Most pre-retirees who reach out to our firm have questions regarding collecting Social Security. Questions range from the terminology, to when is the best age to collect benefits, to complex filing strategies that take advantage of loopholes in Social Security. But before we can get into the fun stuff, we must cover the basics of collecting.
The first thing you should know about collecting Social Security is how to determine if you are eligible to receive a benefit. The Social Security Administration determines your eligibility via a credit system. You need 40 credits to qualify, and you can get four credits a year (one per quarter). Therefore, you need to work for only 10 years to qualify for Social Security.
However, the amount of your benefit is based on your highest-earning 35 years. So if you worked for less than 35 years, you will have zeros on your earnings history, which will reduce the amount you receive.
Full Retirement Age
Once you have determined your eligibility, you need to figure out when you can receive your full benefits.
To do that, you need to know your full retirement age, or FRA—the age you become eligible to receive your full Social Security benefit. Previously this was age 65, which is why most people want to retire at 65. Unfortunately, for many people, 65 is no longer the full retirement age.
For anybody born after 1960, your FRA is age 67. For those born between 1954 and 1959, your FRA is 66 and a certain number of months. The Social Security Administration has a great table on its website that will show you your FRA.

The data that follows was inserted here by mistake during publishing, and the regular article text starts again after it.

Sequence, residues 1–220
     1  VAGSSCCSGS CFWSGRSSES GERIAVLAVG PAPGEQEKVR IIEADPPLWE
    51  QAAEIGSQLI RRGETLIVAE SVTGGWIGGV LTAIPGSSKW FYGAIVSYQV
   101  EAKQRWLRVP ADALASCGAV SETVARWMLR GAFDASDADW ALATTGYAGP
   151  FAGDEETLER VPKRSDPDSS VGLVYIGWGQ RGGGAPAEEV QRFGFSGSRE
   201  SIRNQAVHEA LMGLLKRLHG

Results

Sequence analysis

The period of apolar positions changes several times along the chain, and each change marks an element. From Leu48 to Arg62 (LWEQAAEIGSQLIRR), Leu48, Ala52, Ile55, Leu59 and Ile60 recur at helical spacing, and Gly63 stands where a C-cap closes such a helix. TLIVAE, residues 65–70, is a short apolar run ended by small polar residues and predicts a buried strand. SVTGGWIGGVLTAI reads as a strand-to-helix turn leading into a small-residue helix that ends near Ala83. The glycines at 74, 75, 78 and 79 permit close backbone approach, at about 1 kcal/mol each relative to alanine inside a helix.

An individual can collect Social Security 96 times between the age of 62 and 70. If you collect before your FRA (age 62–67), your benefit will be reduced by as much as 30%. If you collect your benefit after your FRA, your benefit will increase by 8% per year until age 70, when it will stop increasing. Therefore, it makes no sense to not collect your benefit on your 70th birthday.
Essentially, every year you delay your benefit from the day you become eligible (62nd birthday), your benefit will increase by a certain percentage.
If you are married, your partner can generally collect half of your benefit if your benefit is larger than theirs or if they did not qualify for Social Security.
For example, if your benefit is $2,000 and your spouse’s benefit is $700, your spouse will collect spousal benefits off you of $1,000. This works out to half of your benefit (2,000/2 = 1,000). So instead of having $2,700 total from Social Security, you would have $3,000 per month.
Finally, the biggest misconception about Social Security is taxes. Most people think they will not pay taxes on their Social Security income—that is not true. In retirement, if you have other sources of income, you will be taxed on your Social Security benefits. Sources of income include pensions, dividends, interest, retirement account distributions, business distributions, rental income, capital gains, and much more.
For example, a married couple with income between $32,000 and $44,000 will pay taxes on up to 50% of their benefits. Couples who make over $44,000 will have 85% of their Social Security income subject to income taxes!
That said, if your only source of income is Social Security, you will not be taxed.
Deciding when to collect Social Security is one of the biggest retirement decisions a family will make. In addition to selecting the age at which you collect, you can also choose from different filing strategies that can greatly increase your lifetime benefit. We regularly hold workshops in the community that go into detail on the above topics and much more. Just sign up for our email list to get word of upcoming workshops.